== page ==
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Candidates for 46th Ward alderman
Five aldermanic hopefuls weigh in on the future of Uptown.
Michael Carroll, 32
For the last four years, Carroll has been assigned to the Chicago Police Department’s Targeted Response Unit, a specialized anti-crime unit that patrols Chicago’s high-crime areas. This cop’s top priority is tackling public-safety issues. “I know exactly how to deal with crime because I see it every day,” he says. “It just takes the right alderman to bring in more resources for the neighborhood. It could be as simple as getting a police car to park overnight for two weeks in front of a troubled corner, but if the alderman’s not asking for resources like gang units, you’re not going to get them. The squeaky wheel gets the oil.”
Marc Kaplan, 58
Kaplan, a catering-company bartender, is perhaps the most Shillerian candidate in terms of defending lower-income residents by championing affordable housing. A longtime Shiller supporter, he has organized support in all of her campaigns. “We’ve lost a lot of affordable housing in Uptown over the years, but we remain one of the only communities along the lakefront on the North Side where people of moderate incomes can afford to live. If you walk around, you’ll see half of these condos—no one is living in them. I’d like to use eminent domain to get those condo units at fair-market value and transition them to housing that’s affordable.”
Mary Anne “Molly” Phelan, 38
“I want to make Uptown the Midwest capital for live entertainment,” says Phelan, an attorney with the property-tax law firm Kearney & Phelan. Think Beale Street in Memphis, she says. “We’ve got the infrastructure here. We have large theaters: the Uptown, Aragon and Riviera. We also have smaller places like the Green Mill and Kinetic Playground. Uptown has the ability to compete on a national level with Austin, Nashville and even New York City. The problem is that no one has crystallized this vision and marketed Uptown as an entertainment center. It could bring so many jobs to the neighborhood and business interest that could really revitalize this area.”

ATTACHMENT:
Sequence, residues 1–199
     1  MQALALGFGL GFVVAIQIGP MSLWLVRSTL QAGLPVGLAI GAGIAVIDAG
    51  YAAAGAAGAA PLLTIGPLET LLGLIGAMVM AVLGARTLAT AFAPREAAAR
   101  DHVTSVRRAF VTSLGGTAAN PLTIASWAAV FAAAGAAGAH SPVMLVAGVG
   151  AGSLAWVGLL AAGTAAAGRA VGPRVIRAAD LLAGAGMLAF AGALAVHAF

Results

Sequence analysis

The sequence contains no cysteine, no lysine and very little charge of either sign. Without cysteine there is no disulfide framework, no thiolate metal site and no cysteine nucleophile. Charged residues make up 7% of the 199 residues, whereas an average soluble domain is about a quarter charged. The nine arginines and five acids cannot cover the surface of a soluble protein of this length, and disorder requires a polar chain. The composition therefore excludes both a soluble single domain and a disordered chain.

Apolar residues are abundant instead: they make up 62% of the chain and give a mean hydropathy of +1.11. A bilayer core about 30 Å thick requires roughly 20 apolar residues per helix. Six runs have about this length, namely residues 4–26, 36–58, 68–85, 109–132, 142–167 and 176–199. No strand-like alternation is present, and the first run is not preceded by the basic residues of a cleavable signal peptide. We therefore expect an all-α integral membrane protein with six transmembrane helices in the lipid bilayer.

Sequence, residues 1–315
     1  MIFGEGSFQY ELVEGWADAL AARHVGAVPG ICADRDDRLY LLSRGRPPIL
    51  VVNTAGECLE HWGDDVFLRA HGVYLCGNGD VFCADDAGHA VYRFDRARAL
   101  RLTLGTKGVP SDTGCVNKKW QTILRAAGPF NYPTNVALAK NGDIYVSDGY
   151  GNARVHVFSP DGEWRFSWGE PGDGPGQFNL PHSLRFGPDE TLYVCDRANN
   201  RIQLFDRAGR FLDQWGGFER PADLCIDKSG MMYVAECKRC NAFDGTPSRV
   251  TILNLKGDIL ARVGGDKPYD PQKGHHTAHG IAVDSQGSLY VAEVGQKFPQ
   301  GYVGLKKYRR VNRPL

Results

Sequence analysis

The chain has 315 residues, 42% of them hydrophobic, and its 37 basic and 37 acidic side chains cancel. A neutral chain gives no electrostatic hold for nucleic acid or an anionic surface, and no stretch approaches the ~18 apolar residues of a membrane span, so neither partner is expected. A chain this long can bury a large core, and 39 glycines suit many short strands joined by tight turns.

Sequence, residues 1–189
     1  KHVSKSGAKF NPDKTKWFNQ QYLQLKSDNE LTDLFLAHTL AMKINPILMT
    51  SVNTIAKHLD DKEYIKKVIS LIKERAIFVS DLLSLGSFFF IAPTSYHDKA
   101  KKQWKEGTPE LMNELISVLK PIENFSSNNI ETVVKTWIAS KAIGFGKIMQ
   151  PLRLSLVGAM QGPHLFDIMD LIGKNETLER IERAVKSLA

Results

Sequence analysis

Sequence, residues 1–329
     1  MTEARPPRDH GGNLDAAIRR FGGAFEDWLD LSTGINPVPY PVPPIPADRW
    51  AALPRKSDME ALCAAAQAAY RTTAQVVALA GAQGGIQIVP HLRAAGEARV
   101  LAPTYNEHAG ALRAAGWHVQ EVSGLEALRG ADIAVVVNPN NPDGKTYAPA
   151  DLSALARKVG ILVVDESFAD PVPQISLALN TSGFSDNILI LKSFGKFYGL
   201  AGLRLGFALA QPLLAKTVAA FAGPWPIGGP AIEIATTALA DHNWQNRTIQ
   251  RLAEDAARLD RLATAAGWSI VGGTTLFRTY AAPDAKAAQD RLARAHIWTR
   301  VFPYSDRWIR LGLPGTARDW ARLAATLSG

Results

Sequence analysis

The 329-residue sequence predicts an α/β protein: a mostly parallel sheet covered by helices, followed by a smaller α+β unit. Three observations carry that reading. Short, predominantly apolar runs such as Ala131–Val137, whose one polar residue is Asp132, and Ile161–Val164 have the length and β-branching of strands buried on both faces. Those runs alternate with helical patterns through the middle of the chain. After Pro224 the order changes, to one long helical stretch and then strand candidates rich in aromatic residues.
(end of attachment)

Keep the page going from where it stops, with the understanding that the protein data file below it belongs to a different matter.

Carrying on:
Emily Stewart, 30
This corporate finance attorney sees the city’s budget as the starting point for solving ward-specific problems. “Citywide, we’re 2,300 police officers short. We have seen a spike in violent crime in Uptown because police resources are being shuffled to other neighborhoods. To help alleviate that problem, we need a forensic audit to determine whether there’s misallocation of funds. Also, I’m proposing zero-based budgeting: Instead of relying on last year’s budget to determine what this year’s budget should be, we need to build from the ground up. For instance, are we budgeting for a million envelopes when we’re only using 500,000? With the money saved, we can look to hire additional police officers.”
James Cappleman, 58
Cappleman went up against longtime alderman Helen Shiller in the 2007 election, losing by only a few hundred votes. Unlike Shiller, who some say advanced affordable housing in Uptown to a fault, this social worker envisions more mixed-income residential developments based on his belief in “evidence-based best practices.” “I’m certainly for affordable housing,” he says, “but research says there are standards. [The Department of Housing and Urban Development] suggests housing should be placed in areas where the poverty rate is lower, around 20 to 25 percent. The housing should be a mix of low income, affordable and market rate.”